Theoretically, the CAB should be zero, but, in the real world, this is unlikely. Whether the current account shows a surplus or a deficit, it informs about the government and the state of the economy in question, both alone and in relation to other world markets.
A surplus is indicative of an economy that is a net creditor of the rest of the world. This means that the country is probably providing an abundance of resources to other economies and that it owes money in return. By providing these resources abroad, a country with a CAB surplus gives other economies the opportunity to increase their productivity while running a deficit. This is called deficit financing.
A current account deficit reflects a government and an economy that are net debtors to the rest of the world. It invests more than it saves and uses the resources of other economies to meet its domestic consumption and investment needs.
For example, an economy decides that it must invest for the future in order to receive long-term investment income. Instead of saving, he sends the money abroad for an investment project. This would be marked as a debit in the balance of payments financial account for that period, but, when future returns are made, they would be recorded as investment income (a credit) in the current account in the income section.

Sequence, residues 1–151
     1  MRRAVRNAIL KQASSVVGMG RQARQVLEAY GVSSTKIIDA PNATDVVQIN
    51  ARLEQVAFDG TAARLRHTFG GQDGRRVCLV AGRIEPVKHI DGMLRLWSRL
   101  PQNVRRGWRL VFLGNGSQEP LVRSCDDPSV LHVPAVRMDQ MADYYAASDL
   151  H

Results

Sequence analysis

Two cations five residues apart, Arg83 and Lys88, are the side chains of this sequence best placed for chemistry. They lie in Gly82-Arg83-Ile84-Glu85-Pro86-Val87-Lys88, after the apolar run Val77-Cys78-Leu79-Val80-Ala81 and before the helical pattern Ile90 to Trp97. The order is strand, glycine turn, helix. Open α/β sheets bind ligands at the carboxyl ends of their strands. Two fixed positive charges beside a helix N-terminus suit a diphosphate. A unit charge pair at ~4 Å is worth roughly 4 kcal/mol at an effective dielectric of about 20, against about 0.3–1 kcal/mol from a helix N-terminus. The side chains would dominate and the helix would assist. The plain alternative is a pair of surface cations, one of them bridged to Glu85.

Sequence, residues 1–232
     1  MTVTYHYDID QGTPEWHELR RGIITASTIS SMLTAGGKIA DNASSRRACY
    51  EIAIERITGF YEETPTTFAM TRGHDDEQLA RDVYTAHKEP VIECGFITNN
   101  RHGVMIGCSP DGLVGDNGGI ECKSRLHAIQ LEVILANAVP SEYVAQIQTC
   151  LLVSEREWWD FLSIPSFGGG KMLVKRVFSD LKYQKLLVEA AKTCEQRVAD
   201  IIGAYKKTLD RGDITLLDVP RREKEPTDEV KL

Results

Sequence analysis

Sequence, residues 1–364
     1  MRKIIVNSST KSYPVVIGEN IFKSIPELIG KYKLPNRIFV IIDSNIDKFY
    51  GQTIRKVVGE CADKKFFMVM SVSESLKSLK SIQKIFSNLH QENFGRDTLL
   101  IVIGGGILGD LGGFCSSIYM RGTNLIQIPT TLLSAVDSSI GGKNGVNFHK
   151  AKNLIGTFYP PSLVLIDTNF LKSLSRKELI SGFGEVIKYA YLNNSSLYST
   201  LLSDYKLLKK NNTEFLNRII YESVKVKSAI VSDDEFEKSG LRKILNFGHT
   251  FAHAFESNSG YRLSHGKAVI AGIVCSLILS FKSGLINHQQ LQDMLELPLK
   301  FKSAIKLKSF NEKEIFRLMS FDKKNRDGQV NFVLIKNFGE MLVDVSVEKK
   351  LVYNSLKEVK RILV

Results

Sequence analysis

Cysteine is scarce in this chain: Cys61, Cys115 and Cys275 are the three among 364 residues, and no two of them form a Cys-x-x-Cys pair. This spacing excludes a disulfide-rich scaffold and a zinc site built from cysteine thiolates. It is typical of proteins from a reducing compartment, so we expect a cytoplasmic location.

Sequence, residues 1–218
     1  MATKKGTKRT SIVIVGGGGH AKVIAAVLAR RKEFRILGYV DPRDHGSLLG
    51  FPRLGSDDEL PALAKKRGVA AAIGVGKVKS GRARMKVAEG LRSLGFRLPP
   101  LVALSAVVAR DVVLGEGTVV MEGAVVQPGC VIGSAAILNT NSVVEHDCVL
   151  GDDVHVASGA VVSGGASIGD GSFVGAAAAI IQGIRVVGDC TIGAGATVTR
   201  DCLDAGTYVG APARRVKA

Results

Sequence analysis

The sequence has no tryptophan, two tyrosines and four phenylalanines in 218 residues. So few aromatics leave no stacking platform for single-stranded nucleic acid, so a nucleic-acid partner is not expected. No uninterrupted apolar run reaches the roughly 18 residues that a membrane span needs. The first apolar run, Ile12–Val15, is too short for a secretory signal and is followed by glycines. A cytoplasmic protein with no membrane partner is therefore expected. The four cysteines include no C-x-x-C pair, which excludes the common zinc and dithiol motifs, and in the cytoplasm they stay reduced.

A current account deficit is usually accompanied by a depletion of foreign currency assets, as these reserves would be used for investments abroad. The deficit could also mean an increase in foreign investment in the local market, in which case the local economy is likely to pay the investment income of the foreign economy in the future.
Analyze the current account balance
It is important to understand where a current account deficit or surplus comes from. When analyzing, be sure to consider what is feeding the additional credit or debit and what is being done to counter the effects.
Depending on the stage of economic growth of the nation, its objectives and, of course, the implementation of its economic program, the state of the current account is relative to the characteristics of the country in question. For example, a surplus funded by a donation may not be the safest way to run an economy.
A deficit between exports and imports of goods and services combined, otherwise known as the trade balance deficit (BOT), could mean that the country is importing more to increase its productivity and possibly produce more exports. This, in turn, could ultimately finance and mitigate the deficit.
A deficit could also arise from an increase in investment from abroad and an increased obligation of the local economy to pay investment income (a debit under current account income). Foreign investments generally have a positive effect on the local economy because, if used wisely, they increase the market value and output of that economy in the future. This can allow the local economy to increase its exports and, again, reverse its deficit.
So a deficit is not necessarily bad for an economy; especially for an economy in the development phase or undergoing reform. Sometimes an economy has to spend money to make money, so it runs a deficit intentionally. However, an economy must be prepared to finance this deficit by a combination of means which will make it possible to reduce external commitments and increase foreign credits.
For example, a current account deficit financed by short-term portfolio investments or borrowing is likely to be riskier. Indeed, a sudden failure of an emerging capital market or an unexpected suspension of assistance from a foreign government, perhaps due to political tensions, will result in an immediate termination of current account credit.